DeepSec conference focuses on the precarious security situation in the world-wide mobile phone network

René Pfeiffer/ September 7, 2010/ Press

DeepSec 2010 features 33 talks and 8 workshops by international experts

Vienna, 31 August 2010. The international security conference DeepSec brings together the world’s elite in network security and hacking in Vienna from 23 to 26 November 2010. This year, the conference focuses on the security of mobile systems and their users, as well as on the next-generation infrastructure. IT and security companies, users, officials, researchers and the hacker community have the opportunity to take part in the conference with 33 talks and 8 workshops scheduled this year. “We are happy to offer for the fourth time so many experts the chance to exchange ideas and experiences on the most important security issues of everyday IT work in our modern days”, says René Pfeiffer, organiser of DeepSec.

Live attacks on iPhone through a weak point in the mobile phone network

At DeepSec, security researcher Ralf Philipp Weinmann will show for the first time just how easily mobile phone users can fall prey to data theft: in his talk he will present a way to hack Apple’s iPhone by means of a manipulated radio network base station without tampering either with the phone itself or its Internet connection. All he will use for data transport is the regular mobile communications network (GSM), which is used in 219 countries by over 4.3 billion people for regular communication by mobile phone. In his talk, Weinmann will demonstrate the precarious current state of affairs in mobile communication network security. His talk “All your baseband are belong to us” is scheduled on 26 November at 11.50 a.m.

Other speakers at DeepSec will also deal with the explosive topic of mobile phone security: in their two-day workshop “Attacks on GSM networks”, security experts Karsten Nohl (Security Research Labs, Berlin) and Harald Welte (HMW-Consulting, Berlin) will examine the critical security areas of the mobile communication network, while Raphaël Rigo from the French network and data security agency ANSSI will expose weak points in current mobile phones using Google’s Android operating system in his talk entitled “Android: reverse engineering and forensics”.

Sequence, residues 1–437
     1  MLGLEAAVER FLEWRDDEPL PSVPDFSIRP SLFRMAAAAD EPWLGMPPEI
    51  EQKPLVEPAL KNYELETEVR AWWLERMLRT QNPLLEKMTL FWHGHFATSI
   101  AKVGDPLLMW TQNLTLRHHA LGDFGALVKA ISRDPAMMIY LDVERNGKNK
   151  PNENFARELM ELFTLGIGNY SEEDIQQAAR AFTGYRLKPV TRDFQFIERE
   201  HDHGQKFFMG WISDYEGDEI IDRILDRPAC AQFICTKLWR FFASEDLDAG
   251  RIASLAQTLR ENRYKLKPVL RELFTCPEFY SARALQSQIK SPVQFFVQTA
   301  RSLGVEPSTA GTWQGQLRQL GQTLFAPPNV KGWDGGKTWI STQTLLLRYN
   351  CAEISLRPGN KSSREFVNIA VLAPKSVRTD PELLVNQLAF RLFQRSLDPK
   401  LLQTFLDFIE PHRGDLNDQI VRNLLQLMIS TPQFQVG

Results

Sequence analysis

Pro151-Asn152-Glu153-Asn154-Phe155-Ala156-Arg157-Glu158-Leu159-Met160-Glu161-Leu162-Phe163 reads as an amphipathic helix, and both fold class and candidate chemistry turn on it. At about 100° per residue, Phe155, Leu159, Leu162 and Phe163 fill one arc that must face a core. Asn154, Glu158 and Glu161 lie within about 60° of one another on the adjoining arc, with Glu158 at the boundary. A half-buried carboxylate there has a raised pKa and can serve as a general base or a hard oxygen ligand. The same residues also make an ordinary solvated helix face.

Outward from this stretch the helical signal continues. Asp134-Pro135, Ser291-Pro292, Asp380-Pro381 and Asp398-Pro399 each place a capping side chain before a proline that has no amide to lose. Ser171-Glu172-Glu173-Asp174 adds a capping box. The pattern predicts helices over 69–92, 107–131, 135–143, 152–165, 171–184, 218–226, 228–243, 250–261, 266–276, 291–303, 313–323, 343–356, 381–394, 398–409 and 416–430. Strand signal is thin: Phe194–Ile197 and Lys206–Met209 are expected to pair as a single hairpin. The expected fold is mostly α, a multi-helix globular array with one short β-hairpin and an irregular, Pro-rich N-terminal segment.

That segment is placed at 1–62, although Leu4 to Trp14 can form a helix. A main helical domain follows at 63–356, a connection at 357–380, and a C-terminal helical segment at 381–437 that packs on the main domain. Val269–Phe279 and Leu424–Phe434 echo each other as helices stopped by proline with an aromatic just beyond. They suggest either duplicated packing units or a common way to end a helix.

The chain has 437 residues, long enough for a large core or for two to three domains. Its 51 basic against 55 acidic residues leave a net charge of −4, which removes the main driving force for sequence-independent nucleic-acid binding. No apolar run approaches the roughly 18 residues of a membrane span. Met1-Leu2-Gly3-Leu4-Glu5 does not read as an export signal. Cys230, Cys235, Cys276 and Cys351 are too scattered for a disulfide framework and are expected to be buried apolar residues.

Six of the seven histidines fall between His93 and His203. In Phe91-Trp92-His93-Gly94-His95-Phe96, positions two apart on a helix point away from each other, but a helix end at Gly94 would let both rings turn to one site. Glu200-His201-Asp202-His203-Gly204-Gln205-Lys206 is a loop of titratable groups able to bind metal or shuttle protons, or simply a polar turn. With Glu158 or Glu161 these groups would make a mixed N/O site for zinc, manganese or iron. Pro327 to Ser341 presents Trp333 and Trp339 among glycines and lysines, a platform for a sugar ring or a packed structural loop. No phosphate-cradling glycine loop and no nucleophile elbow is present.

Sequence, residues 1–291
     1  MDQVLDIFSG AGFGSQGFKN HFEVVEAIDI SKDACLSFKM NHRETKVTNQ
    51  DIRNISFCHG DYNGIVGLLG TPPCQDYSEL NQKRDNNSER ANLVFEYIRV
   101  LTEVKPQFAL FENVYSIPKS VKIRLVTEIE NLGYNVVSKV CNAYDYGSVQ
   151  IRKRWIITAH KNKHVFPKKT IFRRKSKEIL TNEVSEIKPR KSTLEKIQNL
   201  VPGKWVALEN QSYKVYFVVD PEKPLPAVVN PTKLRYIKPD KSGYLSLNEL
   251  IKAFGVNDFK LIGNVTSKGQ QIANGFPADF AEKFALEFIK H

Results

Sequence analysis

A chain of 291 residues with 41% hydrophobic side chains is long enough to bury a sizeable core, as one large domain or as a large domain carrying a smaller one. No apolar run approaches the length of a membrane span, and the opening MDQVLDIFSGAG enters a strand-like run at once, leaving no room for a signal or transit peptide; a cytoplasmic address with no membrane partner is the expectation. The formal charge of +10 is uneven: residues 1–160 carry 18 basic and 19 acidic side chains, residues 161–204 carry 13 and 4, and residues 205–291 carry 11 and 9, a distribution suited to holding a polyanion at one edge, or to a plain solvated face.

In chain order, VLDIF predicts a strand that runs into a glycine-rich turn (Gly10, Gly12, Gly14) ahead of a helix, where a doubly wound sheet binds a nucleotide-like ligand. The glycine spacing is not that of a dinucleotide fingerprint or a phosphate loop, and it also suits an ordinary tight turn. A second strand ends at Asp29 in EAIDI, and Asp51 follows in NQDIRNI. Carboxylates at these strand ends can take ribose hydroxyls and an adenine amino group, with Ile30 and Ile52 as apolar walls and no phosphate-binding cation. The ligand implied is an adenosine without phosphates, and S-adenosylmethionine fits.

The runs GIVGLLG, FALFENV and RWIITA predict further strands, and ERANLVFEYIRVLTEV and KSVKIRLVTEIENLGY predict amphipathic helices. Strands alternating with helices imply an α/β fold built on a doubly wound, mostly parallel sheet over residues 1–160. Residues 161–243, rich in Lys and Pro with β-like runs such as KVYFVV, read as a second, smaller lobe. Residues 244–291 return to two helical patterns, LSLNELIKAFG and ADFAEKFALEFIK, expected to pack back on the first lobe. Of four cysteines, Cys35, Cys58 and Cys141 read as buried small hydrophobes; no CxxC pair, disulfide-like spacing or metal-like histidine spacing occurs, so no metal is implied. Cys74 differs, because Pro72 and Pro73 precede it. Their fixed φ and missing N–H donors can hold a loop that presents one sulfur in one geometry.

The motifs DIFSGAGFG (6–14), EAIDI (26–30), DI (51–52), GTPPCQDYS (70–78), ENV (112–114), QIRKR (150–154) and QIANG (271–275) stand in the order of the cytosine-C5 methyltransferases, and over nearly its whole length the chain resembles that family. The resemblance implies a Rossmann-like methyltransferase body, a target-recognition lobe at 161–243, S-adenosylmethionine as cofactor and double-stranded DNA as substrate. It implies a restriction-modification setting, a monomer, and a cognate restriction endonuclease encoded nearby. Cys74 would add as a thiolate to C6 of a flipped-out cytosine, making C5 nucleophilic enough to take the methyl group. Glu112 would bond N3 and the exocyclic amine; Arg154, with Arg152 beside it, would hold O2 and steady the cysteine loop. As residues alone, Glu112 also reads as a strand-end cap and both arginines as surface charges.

Spy in the service hotline

As a Group employee, would you dare refuse to give a supposed superior information on the phone? Today’s hackers exploit the insecurity and ignorance of many employees in an increasingly targeted way to get sensitive internal information about the company in question. In the two-day DeepSec workshop “Social engineering training for IT security professionals”, British security experts Sharon Conheady and Martin Law from First Defence Information Security Ltd. will explain how the astute attackers proceed in their social engineering attacks: for example, employees are specifically spied on to circumvent the actual technological security barriers of a company by using the information gathered. To do so, the attackers use Trojan viruses and loopholes in browsers as well as copies of company websites on which unsuspecting users e.g. hand their network access data to the unknown attackers on a silver platter.

Social engineering is particularly dangerous in direct contact: when targeting Groups, attackers like to pose as superiors of the company in question on the phone, e.g. to intimidate hotline staff and extort information from them. Yet supposedly harmless telephone calls are on the attackers’ agenda as well, in which they appeal to social conventions to get information.

“Many people are truly taken aback when they realise that such spy techniques have long since been used outside of Hollywood thrillers”, explains René Pfeiffer, organiser of DeepSec. By the way, in the two-day DeepSec workshop, participants will also learn how to make their staff aware of social engineering attacks and thus increase data security within their own company.

DeepSec promotes raising awareness and exchanging ideas among experts

As a neutral platform, DeepSec brings together security experts from various fields to exchange ideas and experiences. But the conference also wants to counteract the widespread prejudice that hackers are automatically criminals. “On the contrary. For many so-called hackers it is all about identifying security holes and making them public. You can eliminate dangers only once they have been identified and analysed, just as in any other field”, according to Pfeiffer.

For more information and to view the DeepSec schedule, please go to:

To register for DeepSec, go to:

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About René Pfeiffer

System administrator, lecturer, hacker, security consultant, technical writer and DeepSec organisation team member. Has done some particle physics, too. Prefers encrypted messages for the sake of admiring the mathematical algorithms at work.